Eye hospitals in Kashmir’s private sector are projecting pellet injury treatment as a speciality. A hoarding within the premises’ of The Shifa Hospital in Srinagar reads: “Pellet Injury In The Eye. Rush Here”. The hospital said that its visiting doctors are experienced in treating patients with pellet injuries, Outlook reported. “The hospital management says the doctors see, on a daily basis, around 25 pellet-blinds,” the magazine said. “Private hospitals in the Valley also use radio, newspapers and hoardings to attract pellet victims.”

An editorial in the Lancet said 1253 persons were blinded by pellet guns between 2016 and 2018. The government in November 2017 admitted that 1725 persons suffered pellet injuries during the 2016 unrest. In 2018, the magazine said official figures put the number of persons with pellet injuries in their eyes at 395 persons.

Managing pellet injuries is costly. “Fortnightly, it costs a patient around Rs 1500 to 3000 to buy medicines,” the magazine said. “The surgery costs between (Rs) 50,000 and 80,000 at private hospitals.”


Though the UT government has not withdrawn the holiday on the birth anniversary of Sheikh Abdullah, it did not permit the National Conference to hold a public function to pay homage to him. The party had sought permission for a public meeting in Srinagar but was not granted. A number of NC workers, however, managed to reach Sheikh’s mausoleum at Naseeb Bagh where they prayed for his peace till eternity. The main function was reported from Jammu where the party leaders demanded immediate release of political detainees. It asked Delhi to win the hearts and minds of people by reaching out to them and understanding their aspirations rather than keeping their leaders in detention. Party headquarters at Nawai-e-Subh also witnessed a small function.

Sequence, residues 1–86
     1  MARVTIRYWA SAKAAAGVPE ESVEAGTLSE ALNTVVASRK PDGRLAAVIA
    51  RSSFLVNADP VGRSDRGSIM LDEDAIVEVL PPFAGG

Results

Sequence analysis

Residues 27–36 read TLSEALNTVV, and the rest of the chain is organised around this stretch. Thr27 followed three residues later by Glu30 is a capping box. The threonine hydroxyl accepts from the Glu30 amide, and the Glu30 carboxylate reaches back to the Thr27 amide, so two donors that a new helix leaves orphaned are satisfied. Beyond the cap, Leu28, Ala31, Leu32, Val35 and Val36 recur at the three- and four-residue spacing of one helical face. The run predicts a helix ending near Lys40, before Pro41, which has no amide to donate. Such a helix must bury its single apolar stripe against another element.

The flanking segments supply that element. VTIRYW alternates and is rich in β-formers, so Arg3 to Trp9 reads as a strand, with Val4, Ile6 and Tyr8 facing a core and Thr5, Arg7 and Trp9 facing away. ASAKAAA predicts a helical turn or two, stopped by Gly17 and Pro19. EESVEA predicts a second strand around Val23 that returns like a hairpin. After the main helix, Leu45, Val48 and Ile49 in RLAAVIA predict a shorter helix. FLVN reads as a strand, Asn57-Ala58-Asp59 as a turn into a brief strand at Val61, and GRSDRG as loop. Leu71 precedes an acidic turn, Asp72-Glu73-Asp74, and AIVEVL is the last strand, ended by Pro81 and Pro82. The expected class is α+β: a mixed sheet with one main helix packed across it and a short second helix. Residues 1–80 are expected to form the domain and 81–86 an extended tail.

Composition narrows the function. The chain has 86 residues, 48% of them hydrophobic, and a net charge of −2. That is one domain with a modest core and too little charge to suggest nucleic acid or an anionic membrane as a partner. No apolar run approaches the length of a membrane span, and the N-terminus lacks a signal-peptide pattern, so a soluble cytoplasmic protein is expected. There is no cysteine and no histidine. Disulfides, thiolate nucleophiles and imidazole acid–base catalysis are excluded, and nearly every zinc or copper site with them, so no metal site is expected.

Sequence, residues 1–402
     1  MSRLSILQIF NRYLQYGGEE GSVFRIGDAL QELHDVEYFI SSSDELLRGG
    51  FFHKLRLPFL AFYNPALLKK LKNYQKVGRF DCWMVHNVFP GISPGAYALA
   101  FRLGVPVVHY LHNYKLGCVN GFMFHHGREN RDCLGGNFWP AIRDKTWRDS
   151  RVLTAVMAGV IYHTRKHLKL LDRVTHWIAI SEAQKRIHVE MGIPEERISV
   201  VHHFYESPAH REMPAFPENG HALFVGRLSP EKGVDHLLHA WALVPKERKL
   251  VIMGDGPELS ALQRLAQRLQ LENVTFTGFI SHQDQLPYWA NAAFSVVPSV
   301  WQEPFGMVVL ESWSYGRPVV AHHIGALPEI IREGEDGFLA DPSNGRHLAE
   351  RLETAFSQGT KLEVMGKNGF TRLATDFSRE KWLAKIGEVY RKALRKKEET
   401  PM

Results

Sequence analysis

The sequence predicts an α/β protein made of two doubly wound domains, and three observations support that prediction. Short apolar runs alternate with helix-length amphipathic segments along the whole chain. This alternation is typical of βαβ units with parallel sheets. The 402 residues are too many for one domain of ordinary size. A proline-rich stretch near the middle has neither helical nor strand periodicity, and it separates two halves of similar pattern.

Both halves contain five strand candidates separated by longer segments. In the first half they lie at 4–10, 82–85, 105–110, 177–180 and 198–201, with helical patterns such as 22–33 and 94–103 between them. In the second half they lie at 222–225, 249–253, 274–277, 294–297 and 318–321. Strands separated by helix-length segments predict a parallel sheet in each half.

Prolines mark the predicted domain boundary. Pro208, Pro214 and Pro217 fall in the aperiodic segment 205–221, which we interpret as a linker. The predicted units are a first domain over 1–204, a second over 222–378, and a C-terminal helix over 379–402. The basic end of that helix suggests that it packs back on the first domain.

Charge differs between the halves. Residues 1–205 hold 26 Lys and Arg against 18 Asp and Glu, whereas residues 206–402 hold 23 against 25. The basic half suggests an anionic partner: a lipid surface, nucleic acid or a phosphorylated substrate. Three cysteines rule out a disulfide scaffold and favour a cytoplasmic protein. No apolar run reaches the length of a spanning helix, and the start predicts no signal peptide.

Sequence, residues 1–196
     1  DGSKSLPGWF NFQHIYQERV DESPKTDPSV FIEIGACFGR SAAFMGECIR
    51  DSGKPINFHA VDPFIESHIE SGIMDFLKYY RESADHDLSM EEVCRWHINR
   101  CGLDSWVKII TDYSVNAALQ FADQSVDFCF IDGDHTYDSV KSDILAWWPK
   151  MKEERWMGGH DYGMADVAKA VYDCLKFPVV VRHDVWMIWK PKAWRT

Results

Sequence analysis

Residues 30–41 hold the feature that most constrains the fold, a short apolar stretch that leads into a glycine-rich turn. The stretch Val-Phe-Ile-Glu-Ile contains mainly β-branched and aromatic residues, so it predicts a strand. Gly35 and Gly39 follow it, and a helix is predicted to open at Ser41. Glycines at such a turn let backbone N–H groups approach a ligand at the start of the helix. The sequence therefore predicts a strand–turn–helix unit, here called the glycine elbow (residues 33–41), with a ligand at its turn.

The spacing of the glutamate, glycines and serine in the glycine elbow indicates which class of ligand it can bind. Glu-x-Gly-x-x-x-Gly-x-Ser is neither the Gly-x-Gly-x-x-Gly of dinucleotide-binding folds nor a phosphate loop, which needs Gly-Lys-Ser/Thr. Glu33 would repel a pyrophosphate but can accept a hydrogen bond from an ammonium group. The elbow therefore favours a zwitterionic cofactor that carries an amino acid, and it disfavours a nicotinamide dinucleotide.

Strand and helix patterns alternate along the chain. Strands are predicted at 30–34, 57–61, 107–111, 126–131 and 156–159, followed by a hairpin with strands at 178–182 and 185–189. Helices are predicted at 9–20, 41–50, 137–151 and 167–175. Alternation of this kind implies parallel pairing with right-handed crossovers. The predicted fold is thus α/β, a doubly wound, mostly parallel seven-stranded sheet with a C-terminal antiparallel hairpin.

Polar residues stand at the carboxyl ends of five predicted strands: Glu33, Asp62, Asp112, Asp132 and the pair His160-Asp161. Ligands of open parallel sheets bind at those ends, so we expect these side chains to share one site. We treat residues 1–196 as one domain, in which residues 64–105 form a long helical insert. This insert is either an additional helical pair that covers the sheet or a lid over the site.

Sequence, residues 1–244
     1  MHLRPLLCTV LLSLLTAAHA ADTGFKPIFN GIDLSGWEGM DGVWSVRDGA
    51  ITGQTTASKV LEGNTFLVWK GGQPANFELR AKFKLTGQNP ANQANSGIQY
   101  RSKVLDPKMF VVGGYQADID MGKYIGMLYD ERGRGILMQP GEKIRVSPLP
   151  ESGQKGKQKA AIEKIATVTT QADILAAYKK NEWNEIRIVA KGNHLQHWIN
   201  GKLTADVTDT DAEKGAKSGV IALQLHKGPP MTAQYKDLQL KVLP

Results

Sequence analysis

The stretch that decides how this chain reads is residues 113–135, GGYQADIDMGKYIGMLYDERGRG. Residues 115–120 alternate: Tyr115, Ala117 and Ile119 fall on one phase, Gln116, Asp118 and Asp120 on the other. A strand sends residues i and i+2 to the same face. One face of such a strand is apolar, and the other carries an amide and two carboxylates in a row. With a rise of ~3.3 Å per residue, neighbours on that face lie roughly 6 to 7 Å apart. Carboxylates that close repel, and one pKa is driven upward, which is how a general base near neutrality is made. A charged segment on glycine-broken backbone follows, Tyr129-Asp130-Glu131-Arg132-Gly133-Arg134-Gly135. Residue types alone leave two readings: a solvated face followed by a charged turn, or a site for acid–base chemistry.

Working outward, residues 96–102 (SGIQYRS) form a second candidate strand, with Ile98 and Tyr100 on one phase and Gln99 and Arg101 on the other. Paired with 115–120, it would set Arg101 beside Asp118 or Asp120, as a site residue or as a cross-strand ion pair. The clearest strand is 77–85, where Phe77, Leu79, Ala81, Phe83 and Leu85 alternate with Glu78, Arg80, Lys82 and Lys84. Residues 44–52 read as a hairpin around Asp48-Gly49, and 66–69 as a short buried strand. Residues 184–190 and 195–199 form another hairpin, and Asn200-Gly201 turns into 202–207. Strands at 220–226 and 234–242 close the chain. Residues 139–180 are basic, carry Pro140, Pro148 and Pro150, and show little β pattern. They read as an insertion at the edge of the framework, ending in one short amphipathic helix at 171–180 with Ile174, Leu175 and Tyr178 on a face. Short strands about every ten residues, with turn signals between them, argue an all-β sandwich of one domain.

Sheikh’s son Dr Farooq Abdullah is formally arrested and his grand grandson, Omar Abdullah is under preventive custody since August 5. Sheikh daughter Khalida and another son, Dr Mustafa Kamal are also under house arrest. NCs frontline and the second rung leadership is restricted for the last four months, however, their Jammu chapter is free and working.

Dr Abdullah, however, was in news because of his letter that he had written to Congress’s Kerala MP Shashi Tharoor. “Thank you for your letter on 21st October 2019 which has been delivered to me today by my magistrate who looks after me while I am in the sub-jail,” Abdullah wrote on December 2. “It is most unfortunate that they are not able to deliver me my post in time. I am sure this is not the way to treat a senior Member of the Parliament and leader of a political party. We are not criminals.”

Sharing the letter on Twitter, Tharoor wrote: “Members of Parliament should be allowed to attend the session as a matter of parliamentary privilege. Otherwise the tool of arrest can be used to muzzle opposition voices. Participation in Parliament is essential [for] democracy [and] popular sovereignty.”